To estimate the plant's ability to compensate for lost squares, the program calculates, based on location, the maximum degree-days available between the first square and the last square that will produce a harvestable boll. Based on the fraction of damaged squares in the top five nodes of the plant and this compensatory factor, the lygusadvisor determines whether the damage is sufficient to cause a yield reduction. This approach results in optimal pest managment decisions for a given location.
Fig. 2. CALEX/Cotton contains many rule base “advisors” (listed outside circle) that interact with each other through the “blackboard” (information inside circle). Interaction between advisors is shown by arrows.
The missing square data are also used by the lygus simulation model to estimate the number of lygus before the time when sweep nets can reliably estimate lygus populations. This allows the simulation to predict subsequent population patterns and damage.
Later lygus treatment decisions are based on the conventional lygus-to-square action threshold. This technique relates the total number of squares per meter of row to an action threshold of three bugs per 50 sweeps per 100 squares. If total square data are not available, an absolute threshold of 10 bugs per 50 sweeps is used.
The timing of irrigations is critical to many production activities. A season's irrigation schedule is based on available pressure bomb readings. The program fits a regression line to the pressure bomb readings and uses this line to forecast future leaf water potential. If no pressure bomb data are available, a water budget method is used: based on weather data, evapotranspiration is estimated and the soil moisture level is computed daily. When the forecast soil moisture equals the allowable depletion, an irrigation is scheduled.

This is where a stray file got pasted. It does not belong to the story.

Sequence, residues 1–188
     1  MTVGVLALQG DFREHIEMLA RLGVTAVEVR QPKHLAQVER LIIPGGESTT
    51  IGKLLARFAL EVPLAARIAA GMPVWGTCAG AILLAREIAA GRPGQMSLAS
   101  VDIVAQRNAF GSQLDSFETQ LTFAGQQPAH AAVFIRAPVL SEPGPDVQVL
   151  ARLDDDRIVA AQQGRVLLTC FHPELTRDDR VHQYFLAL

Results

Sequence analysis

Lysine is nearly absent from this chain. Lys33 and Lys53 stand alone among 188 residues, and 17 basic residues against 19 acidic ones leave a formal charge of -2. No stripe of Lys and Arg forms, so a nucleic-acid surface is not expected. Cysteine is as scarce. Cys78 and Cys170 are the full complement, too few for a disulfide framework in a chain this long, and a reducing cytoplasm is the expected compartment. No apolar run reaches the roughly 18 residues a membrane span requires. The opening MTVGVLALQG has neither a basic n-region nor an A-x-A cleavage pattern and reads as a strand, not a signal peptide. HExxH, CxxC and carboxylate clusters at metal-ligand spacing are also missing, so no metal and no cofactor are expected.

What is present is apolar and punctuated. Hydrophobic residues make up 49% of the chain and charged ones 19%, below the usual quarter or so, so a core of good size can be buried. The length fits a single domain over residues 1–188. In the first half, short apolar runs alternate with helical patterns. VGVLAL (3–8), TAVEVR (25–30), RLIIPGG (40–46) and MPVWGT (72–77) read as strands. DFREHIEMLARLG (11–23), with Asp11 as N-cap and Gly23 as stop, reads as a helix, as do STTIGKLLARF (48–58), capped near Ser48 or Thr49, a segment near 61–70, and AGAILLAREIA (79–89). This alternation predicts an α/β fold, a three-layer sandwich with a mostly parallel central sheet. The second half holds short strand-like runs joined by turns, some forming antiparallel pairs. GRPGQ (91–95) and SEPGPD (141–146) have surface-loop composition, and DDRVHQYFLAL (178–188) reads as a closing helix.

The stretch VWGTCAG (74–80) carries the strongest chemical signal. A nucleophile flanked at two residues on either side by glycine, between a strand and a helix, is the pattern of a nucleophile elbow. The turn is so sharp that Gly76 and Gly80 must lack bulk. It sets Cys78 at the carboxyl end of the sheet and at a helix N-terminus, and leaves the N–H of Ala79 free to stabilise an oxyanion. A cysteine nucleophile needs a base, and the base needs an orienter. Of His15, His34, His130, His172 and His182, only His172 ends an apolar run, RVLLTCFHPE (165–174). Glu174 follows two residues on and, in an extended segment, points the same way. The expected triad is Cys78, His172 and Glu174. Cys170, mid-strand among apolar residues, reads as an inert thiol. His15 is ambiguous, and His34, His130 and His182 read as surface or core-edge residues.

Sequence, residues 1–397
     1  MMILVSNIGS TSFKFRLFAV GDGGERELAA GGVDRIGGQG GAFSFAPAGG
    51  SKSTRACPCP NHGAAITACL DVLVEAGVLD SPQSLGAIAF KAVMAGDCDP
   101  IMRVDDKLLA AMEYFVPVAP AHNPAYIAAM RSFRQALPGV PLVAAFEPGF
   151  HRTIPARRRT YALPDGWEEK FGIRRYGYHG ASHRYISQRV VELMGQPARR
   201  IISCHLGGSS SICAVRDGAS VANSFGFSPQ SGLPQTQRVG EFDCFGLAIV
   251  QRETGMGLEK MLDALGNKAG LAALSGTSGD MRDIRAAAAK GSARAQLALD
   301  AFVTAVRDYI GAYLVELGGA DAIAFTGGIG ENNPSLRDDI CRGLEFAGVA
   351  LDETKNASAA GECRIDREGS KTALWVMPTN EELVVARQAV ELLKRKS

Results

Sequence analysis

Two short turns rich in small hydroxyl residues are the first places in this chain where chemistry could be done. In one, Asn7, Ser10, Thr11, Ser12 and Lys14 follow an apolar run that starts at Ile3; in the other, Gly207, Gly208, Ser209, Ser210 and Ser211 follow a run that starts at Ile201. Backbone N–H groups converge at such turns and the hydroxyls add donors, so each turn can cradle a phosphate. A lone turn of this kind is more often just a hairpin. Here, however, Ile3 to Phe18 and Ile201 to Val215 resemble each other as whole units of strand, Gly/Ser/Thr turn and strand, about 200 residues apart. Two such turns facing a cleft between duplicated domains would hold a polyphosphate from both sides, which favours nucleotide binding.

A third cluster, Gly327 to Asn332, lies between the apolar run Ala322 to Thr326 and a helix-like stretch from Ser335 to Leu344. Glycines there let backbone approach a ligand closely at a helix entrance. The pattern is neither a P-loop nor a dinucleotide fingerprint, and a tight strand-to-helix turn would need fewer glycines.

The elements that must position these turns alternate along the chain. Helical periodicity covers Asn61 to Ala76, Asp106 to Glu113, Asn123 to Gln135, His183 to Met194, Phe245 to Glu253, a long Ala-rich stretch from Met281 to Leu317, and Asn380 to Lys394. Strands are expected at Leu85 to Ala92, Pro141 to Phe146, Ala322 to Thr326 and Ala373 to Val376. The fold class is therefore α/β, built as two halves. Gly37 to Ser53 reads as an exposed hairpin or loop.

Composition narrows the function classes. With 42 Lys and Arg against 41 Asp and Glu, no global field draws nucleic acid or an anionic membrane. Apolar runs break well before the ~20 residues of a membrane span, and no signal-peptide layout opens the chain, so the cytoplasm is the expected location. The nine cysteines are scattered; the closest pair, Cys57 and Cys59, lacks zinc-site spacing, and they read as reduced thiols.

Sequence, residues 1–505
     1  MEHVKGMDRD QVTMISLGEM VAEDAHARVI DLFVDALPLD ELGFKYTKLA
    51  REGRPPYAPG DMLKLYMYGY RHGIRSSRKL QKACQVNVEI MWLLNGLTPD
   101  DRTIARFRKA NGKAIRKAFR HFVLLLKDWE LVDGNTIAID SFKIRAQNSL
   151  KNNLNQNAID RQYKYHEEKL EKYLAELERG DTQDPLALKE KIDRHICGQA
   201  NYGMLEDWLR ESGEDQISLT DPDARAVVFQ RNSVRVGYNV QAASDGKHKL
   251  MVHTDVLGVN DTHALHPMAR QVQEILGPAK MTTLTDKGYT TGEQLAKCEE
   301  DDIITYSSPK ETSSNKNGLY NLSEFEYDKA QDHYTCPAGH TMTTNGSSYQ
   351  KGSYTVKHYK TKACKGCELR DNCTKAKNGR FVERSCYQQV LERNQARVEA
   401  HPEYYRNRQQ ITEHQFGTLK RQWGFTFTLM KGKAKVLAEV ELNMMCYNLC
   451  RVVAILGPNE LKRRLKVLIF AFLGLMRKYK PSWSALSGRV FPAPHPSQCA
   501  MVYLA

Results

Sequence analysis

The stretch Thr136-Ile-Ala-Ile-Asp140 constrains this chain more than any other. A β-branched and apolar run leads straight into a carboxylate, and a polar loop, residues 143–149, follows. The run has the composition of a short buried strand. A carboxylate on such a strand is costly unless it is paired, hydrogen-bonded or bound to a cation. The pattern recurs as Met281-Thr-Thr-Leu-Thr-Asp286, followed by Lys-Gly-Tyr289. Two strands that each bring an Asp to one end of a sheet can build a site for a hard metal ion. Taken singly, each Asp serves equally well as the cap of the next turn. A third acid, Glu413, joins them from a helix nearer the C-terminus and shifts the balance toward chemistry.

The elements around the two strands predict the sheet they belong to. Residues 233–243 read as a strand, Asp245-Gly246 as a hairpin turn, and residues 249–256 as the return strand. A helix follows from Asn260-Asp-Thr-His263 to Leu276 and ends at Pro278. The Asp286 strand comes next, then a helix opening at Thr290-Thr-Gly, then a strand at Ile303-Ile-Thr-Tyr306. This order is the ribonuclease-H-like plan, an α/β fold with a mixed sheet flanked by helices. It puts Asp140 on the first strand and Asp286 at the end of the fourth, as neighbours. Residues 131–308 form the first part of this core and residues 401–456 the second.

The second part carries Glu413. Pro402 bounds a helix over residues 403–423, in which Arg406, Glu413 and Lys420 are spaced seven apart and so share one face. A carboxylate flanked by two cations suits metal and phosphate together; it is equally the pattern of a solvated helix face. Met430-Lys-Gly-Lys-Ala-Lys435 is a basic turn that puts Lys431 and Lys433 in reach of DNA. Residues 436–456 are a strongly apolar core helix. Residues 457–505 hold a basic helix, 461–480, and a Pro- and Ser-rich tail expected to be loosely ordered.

The use of PIX as a plant growth regulator has become widespread. This tool can be used to manage plant height in a way that will encourage square and boll set. Factors important in determining whether an application is warranted include node number of first fruiting branch, early fruit retention, date of planting, and vigor index. The vigor index is an expression of the relation between the number of mainstem nodes and the plant height, and is a valuable indicator of plant stress. Attempting to link these factors without the aid of a computer would be extremely difficult. The PIX advisor is the first rule base developed specifically to take advantage of the computational and data management powers of CALEX/Cotton.
CALEX/Cotton provides useful late-season advice for weed management, crop termination, and scheduling the final irrigation. The weed management module is patterned after an advisory program developed by David Cudney, Extension Weed Specialist at UC Riverside. This advisor provides weed management advice for each of five periods in the cotton season: (1) fallow bed, (2) preplant incorporated, (3) postemergence, (4) lay-by, and (5) preharvest.
Besides listing nonchemical controls, the program can evaluate the efficacy of an herbicide against a users's selection of weeds, or list weeds controlled by an herbicide selected by a user. This information is based on herbicide efficacy tables that appear in the IPM for Cotton manual and in other publications. The list of available herbicides may be modified based on information about local conditions provided by the user. Important label information is provided in a succinct format.
The crop termination advisor helps to project the date of defoliation by using the number of nodes above the highest white bloom. Three field observations are required for a regression analysis that predicts the date when the number of nodes above white bloom will be reduced to four. Defoliation is scheduled 725 degree days (base 50°F) after this date.